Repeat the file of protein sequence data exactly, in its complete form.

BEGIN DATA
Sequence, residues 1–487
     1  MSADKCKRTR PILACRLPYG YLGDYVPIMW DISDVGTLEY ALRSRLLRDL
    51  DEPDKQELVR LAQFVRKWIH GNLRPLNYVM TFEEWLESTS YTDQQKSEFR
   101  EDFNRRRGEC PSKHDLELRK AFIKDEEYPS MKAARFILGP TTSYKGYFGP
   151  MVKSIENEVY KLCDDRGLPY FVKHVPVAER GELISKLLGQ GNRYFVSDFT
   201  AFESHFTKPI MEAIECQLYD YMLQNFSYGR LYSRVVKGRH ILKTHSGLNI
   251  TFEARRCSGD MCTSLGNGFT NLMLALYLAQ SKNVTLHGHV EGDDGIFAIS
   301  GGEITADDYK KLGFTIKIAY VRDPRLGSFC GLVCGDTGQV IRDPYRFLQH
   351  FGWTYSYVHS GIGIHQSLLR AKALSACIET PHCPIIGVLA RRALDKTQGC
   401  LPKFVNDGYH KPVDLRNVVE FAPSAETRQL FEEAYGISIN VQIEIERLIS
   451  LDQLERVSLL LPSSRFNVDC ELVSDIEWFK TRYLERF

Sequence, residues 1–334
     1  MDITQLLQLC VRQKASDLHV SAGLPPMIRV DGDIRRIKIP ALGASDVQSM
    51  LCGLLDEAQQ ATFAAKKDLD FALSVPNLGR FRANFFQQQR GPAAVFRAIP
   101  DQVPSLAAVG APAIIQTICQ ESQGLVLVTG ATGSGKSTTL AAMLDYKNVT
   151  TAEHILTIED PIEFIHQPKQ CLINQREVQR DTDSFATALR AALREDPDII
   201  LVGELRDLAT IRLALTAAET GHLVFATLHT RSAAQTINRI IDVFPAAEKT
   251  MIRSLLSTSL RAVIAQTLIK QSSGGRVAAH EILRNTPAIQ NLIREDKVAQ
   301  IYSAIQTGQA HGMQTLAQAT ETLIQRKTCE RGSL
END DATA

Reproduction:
Sequence, residues 1–487
     1  MSADKCKRTR PILACRLPYG YLGDYVPIMW DISDVGTLEY ALRSRLLRDL
    51  DEPDKQELVR LAQFVRKWIH GNLRPLNYVM TFEEWLESTS YTDQQKSEFR
   101  EDFNRRRGEC PSKHDLELRK AFIKDEEYPS MKAARFILGP TTSYKGYFGP
   151  MVKSIENEVY KLCDDRGLPY FVKHVPVAER GELISKLLGQ GNRYFVSDFT
   201  AFESHFTKPI MEAIECQLYD YMLQNFSYGR LYSRVVKGRH ILKTHSGLNI
   251  TFEARRCSGD MCTSLGNGFT NLMLALYLAQ SKNVTLHGHV EGDDGIFAIS
   301  GGEITADDYK KLGFTIKIAY VRDPRLGSFC GLVCGDTGQV IRDPYRFLQH
   351  FGWTYSYVHS GIGIHQSLLR AKALSACIET PHCPIIGVLA RRALDKTQGC
   401  LPKFVNDGYH KPVDLRNVVE FAPSAETRQL FEEAYGISIN VQIEIERLIS
   451  LDQLERVSLL LPSSRFNVDC ELVSDIEWFK TRYLERF

Sequence, residues 1–334
     1  MDITQLLQLC VRQKASDLHV SAGLPPMIRV DGDIRRIKIP ALGASDVQSM
    51  LCGLLDEAQQ ATFAAKKDLD FALSVPNLGR FRANFFQQQR GPAAVFRAIP
   101  DQVPSLAAVG APAIIQTICQ ESQGLVLVTG ATGSGKSTTL AAMLDYKNVT
   151  TAEHILTIED PIEFIHQPKQ CLINQREVQR DTDSFATALR AALREDPDII
   201  LVGELRDLAT IRLALTAAET GHLVFATLHT RSAAQTINRI IDVFPAAEKT
   251  MIRSLLSTSL RAVIAQTLIK QSSGGRVAAH EILRNTPAIQ NLIREDKVAQ
   301  IYSAIQTGQA HGMQTLAQAT ETLIQRKTCE RGSL